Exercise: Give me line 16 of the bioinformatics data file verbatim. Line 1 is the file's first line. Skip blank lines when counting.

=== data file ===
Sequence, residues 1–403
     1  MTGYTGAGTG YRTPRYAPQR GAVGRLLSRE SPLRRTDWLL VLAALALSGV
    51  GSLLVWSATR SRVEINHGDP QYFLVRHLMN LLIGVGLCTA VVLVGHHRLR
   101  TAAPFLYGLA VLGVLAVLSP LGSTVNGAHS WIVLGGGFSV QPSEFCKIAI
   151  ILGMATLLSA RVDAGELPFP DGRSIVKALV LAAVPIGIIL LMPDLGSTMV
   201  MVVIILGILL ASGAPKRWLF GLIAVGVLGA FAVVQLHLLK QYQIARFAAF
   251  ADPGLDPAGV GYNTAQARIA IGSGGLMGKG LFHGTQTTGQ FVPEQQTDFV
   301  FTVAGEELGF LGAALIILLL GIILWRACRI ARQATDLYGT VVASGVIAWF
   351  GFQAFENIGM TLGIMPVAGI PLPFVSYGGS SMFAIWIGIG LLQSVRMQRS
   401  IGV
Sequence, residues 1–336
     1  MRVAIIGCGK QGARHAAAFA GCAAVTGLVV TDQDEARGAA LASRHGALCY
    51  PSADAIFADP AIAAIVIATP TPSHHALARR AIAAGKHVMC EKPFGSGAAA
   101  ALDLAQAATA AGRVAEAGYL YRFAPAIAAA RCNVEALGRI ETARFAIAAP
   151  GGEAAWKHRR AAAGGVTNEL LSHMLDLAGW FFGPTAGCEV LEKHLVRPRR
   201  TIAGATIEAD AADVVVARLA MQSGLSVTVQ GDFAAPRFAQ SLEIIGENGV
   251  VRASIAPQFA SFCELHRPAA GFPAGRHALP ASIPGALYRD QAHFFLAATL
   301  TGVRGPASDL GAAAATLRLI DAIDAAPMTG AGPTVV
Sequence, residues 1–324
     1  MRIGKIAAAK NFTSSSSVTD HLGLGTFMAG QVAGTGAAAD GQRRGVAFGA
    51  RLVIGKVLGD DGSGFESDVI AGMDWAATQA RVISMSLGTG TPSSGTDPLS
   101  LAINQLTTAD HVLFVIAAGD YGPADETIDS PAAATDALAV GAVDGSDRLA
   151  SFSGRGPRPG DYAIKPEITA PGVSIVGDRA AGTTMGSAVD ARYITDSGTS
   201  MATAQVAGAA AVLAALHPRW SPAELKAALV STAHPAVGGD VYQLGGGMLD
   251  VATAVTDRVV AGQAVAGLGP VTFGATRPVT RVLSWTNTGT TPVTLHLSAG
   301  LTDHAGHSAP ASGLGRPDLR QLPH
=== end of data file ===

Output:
   201  TIAGATIEAD AADVVVARLA MQSGLSVTVQ GDFAAPRFAQ SLEIIGENGV